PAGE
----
ST. PAUL, MN—Only 3 percent of American companies reach their 100th anniversary. Now, 3M is in that select group.

The company is probably best known for inventing two of the most ubiquitous office products of the 20th century—Scotch transparent tape and Post-It Notes. However, 3M was founded in 1902 in Two Harbors, MN, when five businessmen agreed to mine a mineral deposit for grinding-wheel abrasives. The deposits proved to be of little value, and the new Minnesota Mining and Manufacturing Co. quickly moved to nearby Duluth to focus on sandpaper products. The world’s first waterproof sandpaper, which eased the health problem of sanding dust, was developed in the early 1920s.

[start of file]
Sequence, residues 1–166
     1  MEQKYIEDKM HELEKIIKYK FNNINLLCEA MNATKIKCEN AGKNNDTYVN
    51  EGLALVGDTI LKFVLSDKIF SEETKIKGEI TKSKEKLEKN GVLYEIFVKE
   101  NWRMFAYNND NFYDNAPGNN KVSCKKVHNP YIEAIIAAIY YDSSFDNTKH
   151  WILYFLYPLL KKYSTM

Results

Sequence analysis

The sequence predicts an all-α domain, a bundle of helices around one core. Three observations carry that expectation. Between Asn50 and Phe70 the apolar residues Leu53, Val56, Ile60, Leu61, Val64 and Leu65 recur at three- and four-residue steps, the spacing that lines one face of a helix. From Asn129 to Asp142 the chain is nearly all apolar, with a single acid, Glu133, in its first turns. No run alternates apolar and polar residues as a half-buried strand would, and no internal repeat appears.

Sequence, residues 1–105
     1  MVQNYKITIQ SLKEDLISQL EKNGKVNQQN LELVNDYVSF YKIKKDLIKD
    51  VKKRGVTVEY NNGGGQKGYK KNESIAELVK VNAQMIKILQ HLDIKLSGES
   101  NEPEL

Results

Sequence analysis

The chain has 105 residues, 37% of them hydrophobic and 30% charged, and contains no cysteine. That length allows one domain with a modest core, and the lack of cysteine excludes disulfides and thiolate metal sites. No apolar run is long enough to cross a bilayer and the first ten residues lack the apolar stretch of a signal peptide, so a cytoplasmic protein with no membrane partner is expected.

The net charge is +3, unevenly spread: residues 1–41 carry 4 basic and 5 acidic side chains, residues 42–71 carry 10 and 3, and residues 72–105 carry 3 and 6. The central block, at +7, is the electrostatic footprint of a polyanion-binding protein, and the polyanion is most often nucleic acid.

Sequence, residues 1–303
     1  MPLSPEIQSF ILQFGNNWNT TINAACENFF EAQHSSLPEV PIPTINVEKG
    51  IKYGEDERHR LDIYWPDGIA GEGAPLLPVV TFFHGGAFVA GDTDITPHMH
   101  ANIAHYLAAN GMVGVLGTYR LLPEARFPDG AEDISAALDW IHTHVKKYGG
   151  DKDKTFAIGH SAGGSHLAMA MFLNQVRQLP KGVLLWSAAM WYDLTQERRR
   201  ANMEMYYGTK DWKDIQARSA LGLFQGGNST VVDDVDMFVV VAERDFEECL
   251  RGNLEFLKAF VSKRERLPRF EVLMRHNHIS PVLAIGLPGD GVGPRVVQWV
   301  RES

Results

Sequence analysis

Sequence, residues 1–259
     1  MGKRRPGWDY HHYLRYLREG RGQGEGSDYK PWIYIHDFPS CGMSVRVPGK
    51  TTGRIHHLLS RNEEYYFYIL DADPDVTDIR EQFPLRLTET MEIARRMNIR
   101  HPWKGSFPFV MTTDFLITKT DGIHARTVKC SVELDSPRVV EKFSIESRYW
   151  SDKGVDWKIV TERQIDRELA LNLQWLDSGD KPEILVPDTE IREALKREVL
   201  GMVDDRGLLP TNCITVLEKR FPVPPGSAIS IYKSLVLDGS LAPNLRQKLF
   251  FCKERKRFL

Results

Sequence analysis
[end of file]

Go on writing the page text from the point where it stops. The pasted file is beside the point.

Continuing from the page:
A major milestone occurred in 1925 when Richard G. Drew, a lab assistant, invented masking tape—an innovative step toward diversification and the first of many Scotch brand pressure-sensitive tapes.

The present-day company has moved beyond sandpaper and adhesive tape products. It has been an innovator in recording and video tape, photographic products, and medical and dental devices.

The 1990s set new sales records of over $15 billion annually. 3M’s growth has been fueled by a desire to participate in markets where the company can make a contribution from core technologies, rather than be dominant in just a few markets.

The company’s core technologies are:

Light management—the science of optics combined with the nature of light.

Film solutions—innovation in film technology.

Fuel cells—electrochemical devices that convert fuel into usable electricity without using combustion.

Light fiber—visual effects with light that withstand water, sunlight and varying temperatures.